1. Eat a low carbohydrate diet focusing on complex carbohydrates such as quinoa, legumes, and oats (slow-cooked) can help keep your blood sugar stable and avoid insulin spikes
  2. Avoid refined carbohydrates & sugars as they are high on the glycemic index and cause spikes in blood sugar and insulin, leading to insulin resistance. Examples of these foods include all white flour products such as breads & pastas, white rice, and all foods containing white sugar.

Not all women present with all the classic symptoms of Polycystic ovarian syndrome. If you suspect you may have PCOS, it is very important to get the right testing done. Talk to your endocrinologist and your naturopathic doctor to see how you can be evaluated and treated for Polycystic ovarian syndrome (PCOS).

Fertility

Alarmingly, rates of infertility for both men and women are on the rise.

On one hand, our hormones are challenged every day with toxins in our food, environments and lifestyles choices. On the other hand, many women today are also staring families later in life, which can affect the ability to conceive.

Both of these factors together are contributing to more and more women having difficulty with conception. These factors not only affect our sex hormones, but other hormone systems in our body which our tightly linked to reproductive success, such as thyroid, insulin and cortisol.

Are you taking these supplements?

  1. Folic acid (Folate) is important for the prevention of neural tube defects and has been shown to be deficient in women experiencing infertility.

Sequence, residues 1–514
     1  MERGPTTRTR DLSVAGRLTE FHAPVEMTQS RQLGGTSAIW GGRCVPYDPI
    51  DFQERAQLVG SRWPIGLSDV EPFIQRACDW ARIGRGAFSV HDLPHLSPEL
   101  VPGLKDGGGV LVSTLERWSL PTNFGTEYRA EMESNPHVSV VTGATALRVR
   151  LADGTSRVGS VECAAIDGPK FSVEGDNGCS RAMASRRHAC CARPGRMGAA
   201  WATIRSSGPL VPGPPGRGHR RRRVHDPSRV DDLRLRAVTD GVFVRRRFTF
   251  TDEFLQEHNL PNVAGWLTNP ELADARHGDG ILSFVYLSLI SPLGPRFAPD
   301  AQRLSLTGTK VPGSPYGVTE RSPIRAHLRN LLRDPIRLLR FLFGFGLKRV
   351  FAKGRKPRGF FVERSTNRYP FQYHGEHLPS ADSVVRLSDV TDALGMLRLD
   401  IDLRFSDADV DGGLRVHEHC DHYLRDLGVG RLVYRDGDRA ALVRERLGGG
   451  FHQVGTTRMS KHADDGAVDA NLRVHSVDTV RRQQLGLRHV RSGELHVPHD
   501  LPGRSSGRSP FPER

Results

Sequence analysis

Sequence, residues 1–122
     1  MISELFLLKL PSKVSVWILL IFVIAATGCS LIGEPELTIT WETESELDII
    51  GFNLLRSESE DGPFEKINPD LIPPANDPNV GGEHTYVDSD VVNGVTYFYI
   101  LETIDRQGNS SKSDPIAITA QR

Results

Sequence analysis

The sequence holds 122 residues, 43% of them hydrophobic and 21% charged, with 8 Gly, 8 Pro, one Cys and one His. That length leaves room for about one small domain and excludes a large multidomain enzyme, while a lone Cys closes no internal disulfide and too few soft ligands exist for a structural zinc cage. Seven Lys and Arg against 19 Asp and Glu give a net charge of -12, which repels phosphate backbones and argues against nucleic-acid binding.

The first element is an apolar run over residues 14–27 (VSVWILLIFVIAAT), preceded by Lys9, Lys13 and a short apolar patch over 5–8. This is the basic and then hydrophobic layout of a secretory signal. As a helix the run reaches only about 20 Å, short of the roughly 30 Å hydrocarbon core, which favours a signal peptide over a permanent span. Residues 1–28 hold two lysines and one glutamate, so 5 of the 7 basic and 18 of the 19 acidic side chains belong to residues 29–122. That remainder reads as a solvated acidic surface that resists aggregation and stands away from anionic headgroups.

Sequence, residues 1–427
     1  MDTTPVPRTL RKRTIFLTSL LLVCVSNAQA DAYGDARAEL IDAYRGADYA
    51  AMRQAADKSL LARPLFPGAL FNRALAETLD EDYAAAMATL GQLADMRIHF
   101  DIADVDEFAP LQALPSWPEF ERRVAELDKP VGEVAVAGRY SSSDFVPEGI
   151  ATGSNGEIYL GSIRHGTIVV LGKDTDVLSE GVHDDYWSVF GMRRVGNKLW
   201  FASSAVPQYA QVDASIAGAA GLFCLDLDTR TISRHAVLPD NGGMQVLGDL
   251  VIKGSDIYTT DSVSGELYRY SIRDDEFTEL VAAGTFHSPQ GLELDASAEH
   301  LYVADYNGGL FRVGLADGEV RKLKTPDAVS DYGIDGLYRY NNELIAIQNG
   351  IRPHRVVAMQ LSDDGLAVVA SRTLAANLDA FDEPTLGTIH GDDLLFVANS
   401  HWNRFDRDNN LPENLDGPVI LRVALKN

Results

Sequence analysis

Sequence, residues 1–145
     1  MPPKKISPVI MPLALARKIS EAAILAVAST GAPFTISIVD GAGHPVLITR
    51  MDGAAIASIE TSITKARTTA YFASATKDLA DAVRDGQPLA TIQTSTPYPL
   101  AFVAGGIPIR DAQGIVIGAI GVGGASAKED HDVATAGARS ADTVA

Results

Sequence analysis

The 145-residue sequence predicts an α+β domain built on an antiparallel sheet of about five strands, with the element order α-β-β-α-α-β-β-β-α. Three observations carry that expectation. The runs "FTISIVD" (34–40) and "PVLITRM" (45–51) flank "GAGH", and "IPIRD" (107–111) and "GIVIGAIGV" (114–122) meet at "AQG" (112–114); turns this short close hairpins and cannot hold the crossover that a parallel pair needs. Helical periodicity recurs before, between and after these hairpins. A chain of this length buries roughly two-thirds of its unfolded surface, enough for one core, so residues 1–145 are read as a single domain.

2. Prenatal Multivitamin provides the minimum required vitamins and minerals essential for good health for mom and future baby. It also contains folic acid, iron, zinc and selenium, all important nutrients for good fertility health.
  3. Chaste Berry normalizes progesterone levels, improving fertility and reducing miscarriages.

How’s your diet?

  1. Fats in the form of wild fish, avocados, nuts, seeds, olive oil are great to decrease inflammation and improve hormonal function throughout the cycle. Avoid saturated fats as they will increase inflammation and disrupt hormones.
  2. Whole grains such as quinoa, brown and wild rice instead of refined wheat products help to stabilize blood sugar, and improve hormonal balance.
  3. Avoid Caffeine. Drinking coffee has been linked to decreased fertility, and should be avoided as much as possible. Reach for green teas and herbal teas instead.

Infertility is often associated with other endocrine disorders. If you are experiencing issues with fertility, or want to optimize your fertility, talk your naturopathic doctor today to see how we can help you achieve optimal fertility.

Menopause